Seat for People-Watching
Critic’s choice: 8.0 Restaurant & Bar, 111 E 3rd St, FW
The outdoor stage and patio here provide the perfect perch for peeping at peeps — you can listen to great music, eat comfort food, drink comfort booze, and watch the passing parade of downtown workers, tourists, and inner-city dwellers of all types.
Place to Get Sidetracked
Critic’s choice: Sea Life Aquarium, 3000 Grapevine Mills Pkwy, Grapevine
This new venue is attached to Grapevine Mills Mall, and after a shopping frenzy, spending a few hours looking at marine life is a great way to bring down your blood pressure. Ponder the strangeness of the sea horses and the cownose stingray and reflect on the wonders of sharing the planet with such creatures. Admission rates go down after 5pm, which makes this a nice way to round off a retail day.
Place to Time Travel Without Going Anywhere
Readers’ choice: Stevie’s Diner, 5500 N Tarrant Pkwy, Ste 132, FW
Critic’s choice: Fort Worth Museum of Science and History, 1600 Gendy St, FW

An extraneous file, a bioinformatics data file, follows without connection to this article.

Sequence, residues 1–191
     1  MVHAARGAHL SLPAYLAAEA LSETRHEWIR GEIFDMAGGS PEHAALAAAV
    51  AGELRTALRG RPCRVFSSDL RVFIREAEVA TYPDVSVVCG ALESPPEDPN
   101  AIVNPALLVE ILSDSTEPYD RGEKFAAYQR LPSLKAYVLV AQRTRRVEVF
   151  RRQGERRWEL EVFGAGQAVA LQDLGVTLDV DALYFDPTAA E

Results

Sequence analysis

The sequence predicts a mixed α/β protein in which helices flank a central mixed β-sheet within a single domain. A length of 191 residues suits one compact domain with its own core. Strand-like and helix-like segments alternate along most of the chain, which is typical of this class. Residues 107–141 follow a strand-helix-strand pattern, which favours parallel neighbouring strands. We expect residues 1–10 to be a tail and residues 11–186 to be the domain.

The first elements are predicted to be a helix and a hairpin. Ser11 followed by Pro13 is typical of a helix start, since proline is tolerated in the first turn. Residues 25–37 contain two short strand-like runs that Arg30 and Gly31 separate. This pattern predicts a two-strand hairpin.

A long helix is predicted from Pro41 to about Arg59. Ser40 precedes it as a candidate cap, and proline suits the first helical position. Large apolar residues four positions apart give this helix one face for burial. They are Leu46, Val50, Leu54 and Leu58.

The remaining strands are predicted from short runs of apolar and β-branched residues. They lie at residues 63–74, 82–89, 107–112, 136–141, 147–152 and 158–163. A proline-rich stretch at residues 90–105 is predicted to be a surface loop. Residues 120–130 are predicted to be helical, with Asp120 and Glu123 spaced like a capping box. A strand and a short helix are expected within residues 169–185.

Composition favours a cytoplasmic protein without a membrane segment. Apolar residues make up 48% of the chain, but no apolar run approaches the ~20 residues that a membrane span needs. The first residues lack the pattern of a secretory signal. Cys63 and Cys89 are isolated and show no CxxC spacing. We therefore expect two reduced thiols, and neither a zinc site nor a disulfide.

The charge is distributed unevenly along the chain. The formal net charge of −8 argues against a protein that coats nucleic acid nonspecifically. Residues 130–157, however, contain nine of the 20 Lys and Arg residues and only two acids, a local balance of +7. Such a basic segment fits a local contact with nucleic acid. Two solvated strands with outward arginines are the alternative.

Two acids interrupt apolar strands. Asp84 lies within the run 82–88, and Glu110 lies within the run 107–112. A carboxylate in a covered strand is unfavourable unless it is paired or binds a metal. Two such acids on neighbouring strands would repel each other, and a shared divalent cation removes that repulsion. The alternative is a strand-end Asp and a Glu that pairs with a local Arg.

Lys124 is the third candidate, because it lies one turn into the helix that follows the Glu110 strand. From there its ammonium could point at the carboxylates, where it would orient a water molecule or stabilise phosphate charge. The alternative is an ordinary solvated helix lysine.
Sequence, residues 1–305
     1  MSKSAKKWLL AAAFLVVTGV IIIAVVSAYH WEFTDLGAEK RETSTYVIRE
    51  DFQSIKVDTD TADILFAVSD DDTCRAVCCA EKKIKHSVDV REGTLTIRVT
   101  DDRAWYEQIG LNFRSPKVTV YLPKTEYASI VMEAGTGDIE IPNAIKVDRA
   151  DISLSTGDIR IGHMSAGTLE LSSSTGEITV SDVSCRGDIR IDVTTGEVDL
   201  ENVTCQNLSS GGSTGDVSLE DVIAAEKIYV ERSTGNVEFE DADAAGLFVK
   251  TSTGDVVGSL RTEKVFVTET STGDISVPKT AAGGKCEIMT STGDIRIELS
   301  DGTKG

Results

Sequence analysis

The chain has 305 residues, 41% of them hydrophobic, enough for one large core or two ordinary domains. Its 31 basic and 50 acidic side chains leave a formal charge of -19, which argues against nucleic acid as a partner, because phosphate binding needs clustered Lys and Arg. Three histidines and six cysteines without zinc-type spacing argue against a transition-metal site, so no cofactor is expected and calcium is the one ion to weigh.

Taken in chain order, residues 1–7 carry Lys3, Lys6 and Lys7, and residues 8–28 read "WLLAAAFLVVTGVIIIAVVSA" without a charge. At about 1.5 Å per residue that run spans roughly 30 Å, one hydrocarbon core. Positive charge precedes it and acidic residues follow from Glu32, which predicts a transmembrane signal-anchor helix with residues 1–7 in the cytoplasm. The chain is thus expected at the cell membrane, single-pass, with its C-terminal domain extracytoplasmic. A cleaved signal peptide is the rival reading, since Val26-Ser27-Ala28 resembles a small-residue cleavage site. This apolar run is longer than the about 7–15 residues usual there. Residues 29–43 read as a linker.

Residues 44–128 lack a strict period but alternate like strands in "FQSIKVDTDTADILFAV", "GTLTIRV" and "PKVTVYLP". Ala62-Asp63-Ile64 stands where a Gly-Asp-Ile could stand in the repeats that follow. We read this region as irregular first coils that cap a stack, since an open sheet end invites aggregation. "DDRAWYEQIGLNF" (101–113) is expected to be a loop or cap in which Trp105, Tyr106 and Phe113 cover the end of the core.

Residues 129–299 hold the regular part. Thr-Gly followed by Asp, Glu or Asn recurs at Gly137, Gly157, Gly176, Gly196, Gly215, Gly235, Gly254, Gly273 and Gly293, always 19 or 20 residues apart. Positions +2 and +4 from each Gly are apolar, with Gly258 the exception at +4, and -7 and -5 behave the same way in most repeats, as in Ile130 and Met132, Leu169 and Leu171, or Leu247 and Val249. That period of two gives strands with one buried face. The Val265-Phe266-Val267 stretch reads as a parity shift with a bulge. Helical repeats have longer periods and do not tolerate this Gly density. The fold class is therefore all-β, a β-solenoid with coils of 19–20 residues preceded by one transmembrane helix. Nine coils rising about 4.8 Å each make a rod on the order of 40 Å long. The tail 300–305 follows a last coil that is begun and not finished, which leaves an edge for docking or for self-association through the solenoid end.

Whether you want to rub shoulders with a 112-million-year-old Paluxysaurus jonesi (the state dinosaur of Texas), visit the Noble Planetarium to look at age-old star systems, or see the latest downloaded views from the future-riffic Hubble Telescope, this is a place where time travel is a blast.
Place to Meet Someone of the Opposite Sex
Readers’ choice: Capital Bar
Critic’s choice: First Friday on the Green
The online dating world is edging out traditional hook-up places such as grocery stores, museums, sporting events, and nightclubs. But for those who still like to leave the house when seeking lust or love, an ideal opportunity occurs every month at the free outdoor concert series, First Friday on the Green. Great music in the great outdoors –– and plenty of cold beer –– creates a powerful elixir for l-o-v-e.
Place to Meet Some-one of the Same Sex
Readers’ choice: Rainbow Lounge
Critic’s choice: Rainbow Lounge